The Future is Not Yet Written
Whether society is ready or not, we are on the cusp of GPTs going mainstream. Below are several areas where GPTs may create new issues or exacerbate existing problems related to civic space and democracy.
GPTs can generate real-looking articles where a political opponent is outed as a pedophile, with citations to fake articles from reputable news agencies and accompanying photographic “evidence.” Malicious actors will leverage AI to orchestrate coordinated disinformation, manipulation, and propaganda campaigns at an unprecedented scale and speed. AI will enable these actors to generate realistic and compelling content that can deceive and manipulate users, spreading false information, polarization, and erosion of trust in democratic processes.
GPTs can be utilized to “flood the zone,” crowding out the views of actual citizens with manufactured opinions. GPTs create content that is indistinguishable from human-written text. One malicious actor could send tens of thousands of “unique” letters or comments to every congressman in every state considering an abortion ban. Not only will AI overwhelm the systems that take public input, but officials will also be unable to determine which views are the authentic opinions of their constituents and which reflect the political ambitions of bad actors.
ChatGPT makes lying more efficient and believable. The implications are staggering. Articles “written” by ChatGPT are so realistic that editors at The Guardian could not distinguish these fake articles from real ones. Left unchecked and unregulated, GPTs will contribute to truth decay, undermining civic space and democracy.
GPTs are trained with essentially all publicly available data on the internet. This data includes personal information, much of which was not meant to be public.
This personal data enables GPTs to publish information (unless safeguards are put into place) and to create profiles of individuals. These profiles can contain information about their behavior, preferences, health, religious beliefs, sexuality, and more. GPTs then use profiles to decide on hiring, banking, and law enforcement.
Similarly, GPTs can be used to identify legislators with significant sway over upcoming legislation and uncover little-known facts to change or influence their decision.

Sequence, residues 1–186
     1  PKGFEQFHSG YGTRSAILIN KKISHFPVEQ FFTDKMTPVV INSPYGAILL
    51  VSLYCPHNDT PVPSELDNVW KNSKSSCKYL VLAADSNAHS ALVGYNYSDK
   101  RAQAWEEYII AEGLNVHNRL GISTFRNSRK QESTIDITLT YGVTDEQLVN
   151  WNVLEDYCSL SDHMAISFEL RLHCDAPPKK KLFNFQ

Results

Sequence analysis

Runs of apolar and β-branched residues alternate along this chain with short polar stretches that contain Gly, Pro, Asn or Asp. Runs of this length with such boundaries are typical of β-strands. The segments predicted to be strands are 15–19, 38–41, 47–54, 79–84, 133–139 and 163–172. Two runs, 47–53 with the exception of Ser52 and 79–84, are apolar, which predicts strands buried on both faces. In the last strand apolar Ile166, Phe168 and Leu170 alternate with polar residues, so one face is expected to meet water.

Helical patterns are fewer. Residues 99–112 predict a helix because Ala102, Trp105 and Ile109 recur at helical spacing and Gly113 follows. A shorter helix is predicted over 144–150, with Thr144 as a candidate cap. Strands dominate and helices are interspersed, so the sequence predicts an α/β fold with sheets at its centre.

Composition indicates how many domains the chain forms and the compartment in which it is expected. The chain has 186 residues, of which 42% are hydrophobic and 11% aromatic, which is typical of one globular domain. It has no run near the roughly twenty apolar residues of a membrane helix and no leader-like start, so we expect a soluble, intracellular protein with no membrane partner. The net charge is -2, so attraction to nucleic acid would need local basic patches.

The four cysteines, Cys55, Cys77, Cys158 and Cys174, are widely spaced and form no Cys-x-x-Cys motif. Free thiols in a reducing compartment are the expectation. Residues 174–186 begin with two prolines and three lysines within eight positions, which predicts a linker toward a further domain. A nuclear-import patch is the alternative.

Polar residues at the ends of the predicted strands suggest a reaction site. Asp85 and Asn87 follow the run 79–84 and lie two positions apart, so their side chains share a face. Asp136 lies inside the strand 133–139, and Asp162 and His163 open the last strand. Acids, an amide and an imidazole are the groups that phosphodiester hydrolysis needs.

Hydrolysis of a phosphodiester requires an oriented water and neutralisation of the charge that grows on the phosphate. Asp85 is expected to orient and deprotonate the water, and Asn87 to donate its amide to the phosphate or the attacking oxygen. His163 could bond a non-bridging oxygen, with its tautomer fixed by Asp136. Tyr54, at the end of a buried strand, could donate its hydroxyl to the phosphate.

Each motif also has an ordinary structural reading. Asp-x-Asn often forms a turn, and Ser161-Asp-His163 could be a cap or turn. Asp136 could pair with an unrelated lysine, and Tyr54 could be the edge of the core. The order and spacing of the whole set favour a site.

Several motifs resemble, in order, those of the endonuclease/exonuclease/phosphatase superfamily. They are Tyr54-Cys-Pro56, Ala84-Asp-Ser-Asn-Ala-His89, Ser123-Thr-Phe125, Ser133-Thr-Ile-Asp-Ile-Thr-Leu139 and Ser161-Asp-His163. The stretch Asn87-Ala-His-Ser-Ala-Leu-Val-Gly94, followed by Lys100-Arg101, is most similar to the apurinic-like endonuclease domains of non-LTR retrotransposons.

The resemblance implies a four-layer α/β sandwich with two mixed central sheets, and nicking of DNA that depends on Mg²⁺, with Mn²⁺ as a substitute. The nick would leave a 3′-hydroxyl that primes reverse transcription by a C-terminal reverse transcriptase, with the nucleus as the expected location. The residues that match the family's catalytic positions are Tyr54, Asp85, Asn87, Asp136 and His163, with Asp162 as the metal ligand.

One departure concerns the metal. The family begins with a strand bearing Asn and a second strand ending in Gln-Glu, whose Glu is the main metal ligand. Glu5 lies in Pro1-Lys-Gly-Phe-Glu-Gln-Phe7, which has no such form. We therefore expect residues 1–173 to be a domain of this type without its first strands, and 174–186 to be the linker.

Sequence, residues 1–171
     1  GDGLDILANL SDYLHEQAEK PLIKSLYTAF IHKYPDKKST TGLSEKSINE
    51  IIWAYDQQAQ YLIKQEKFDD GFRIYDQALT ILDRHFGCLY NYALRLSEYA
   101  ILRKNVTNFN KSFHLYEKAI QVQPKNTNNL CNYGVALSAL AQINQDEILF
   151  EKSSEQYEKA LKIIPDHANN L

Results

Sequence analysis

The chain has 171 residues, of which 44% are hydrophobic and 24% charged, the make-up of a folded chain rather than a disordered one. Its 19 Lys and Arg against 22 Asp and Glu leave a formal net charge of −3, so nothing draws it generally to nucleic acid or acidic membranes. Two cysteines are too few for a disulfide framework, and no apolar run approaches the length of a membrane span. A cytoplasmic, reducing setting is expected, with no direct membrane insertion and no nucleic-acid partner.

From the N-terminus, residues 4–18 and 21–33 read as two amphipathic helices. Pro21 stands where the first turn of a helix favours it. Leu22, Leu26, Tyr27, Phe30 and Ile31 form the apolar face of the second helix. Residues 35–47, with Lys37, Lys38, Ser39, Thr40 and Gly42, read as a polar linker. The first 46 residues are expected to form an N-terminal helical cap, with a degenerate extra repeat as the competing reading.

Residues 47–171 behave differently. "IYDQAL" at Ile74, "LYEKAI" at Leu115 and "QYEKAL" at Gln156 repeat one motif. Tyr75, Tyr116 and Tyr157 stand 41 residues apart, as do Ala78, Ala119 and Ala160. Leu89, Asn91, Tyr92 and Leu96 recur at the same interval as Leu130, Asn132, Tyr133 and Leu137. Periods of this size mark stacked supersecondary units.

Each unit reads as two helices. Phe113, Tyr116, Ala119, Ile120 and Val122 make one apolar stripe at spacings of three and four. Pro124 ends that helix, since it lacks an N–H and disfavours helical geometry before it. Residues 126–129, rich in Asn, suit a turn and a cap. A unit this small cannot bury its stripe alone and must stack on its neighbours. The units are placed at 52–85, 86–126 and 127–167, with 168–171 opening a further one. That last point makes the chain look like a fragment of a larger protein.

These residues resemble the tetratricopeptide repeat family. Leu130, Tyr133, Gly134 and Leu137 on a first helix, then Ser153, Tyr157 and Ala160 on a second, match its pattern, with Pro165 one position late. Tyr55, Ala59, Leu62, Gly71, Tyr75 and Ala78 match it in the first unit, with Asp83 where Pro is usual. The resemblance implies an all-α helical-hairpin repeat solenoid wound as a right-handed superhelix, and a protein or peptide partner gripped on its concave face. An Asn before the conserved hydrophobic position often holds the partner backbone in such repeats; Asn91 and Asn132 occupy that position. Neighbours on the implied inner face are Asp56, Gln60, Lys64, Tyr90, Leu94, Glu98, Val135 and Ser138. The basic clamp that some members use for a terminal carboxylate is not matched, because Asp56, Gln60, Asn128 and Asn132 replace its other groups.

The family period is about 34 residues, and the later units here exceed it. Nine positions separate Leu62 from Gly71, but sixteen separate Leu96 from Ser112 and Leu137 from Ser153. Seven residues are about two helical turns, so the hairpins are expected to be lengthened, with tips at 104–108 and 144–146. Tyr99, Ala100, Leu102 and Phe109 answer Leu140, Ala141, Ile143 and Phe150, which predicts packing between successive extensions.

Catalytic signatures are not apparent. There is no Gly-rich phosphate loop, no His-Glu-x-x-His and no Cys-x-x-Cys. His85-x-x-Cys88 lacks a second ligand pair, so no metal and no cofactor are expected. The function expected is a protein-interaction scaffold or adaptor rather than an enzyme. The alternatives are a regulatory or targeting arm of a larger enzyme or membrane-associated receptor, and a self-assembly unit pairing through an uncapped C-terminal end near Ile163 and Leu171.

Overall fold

Currently, ChatGPT is banned in Italy for privacy violations; the EU has issued a warning about it for violating the GDPR by taking information on users/individuals without their consent.
GPTs can generate novel offensive cyber weapons while producing new cybersecurity defenses. Defenses include detecting and mitigating threats, identifying vulnerabilities, and enhancing security measures. On the offensive side, AI systems will use their vast data to create and deploy sophisticated evasion techniques that bypass traditional cybersecurity defenses. For example, AI-powered malware can generate polymorphic code that changes its characteristics to evade detection by antivirus software or use adversarial machine learning techniques to bypass AI-based detection systems.
AI can be used to develop offensive cyber capabilities, such as autonomous malware or bots that can launch attacks without human intervention. These autonomous AI-powered cyber weapons could carry out attacks with unprecedented speed, scale, and sophistication, posing severe threats to digital infrastructure and systems.
Tech-facilitated Gender Based Violence (TFGBV)
Women human rights defenders already face a cascade of gender-based violence, such as harassment, stalking, and abuse. GPTs provide new tools and techniques, like impersonating a romantic partner or spouse, for perpetrators to carry out their harmful actions online. GPTs will enable bad actors to perpetrate TFGBV with unprecedented speed and volume as they do with misinformation and disinformation.
GPTs are also likely to perpetuate biased and discriminatory practices that reinforce harmful gender stereotypes. This could contribute to normalizing online harassment and discrimination against certain genders or marginalized groups. AI-powered content moderation systems struggle to identify and remove gender-based hate speech or harmful content effectively. Words such as “kill,” “murder,” and “rape” are easily recognizable by social media filters, but less common words or phrases, such as “you should cut off your genitals” or “you’re sleeping around,” are not recognized despite conveying threats of serious harm. These content moderation issues lead to unequal treatment and further victimization of individuals facing TFGBV.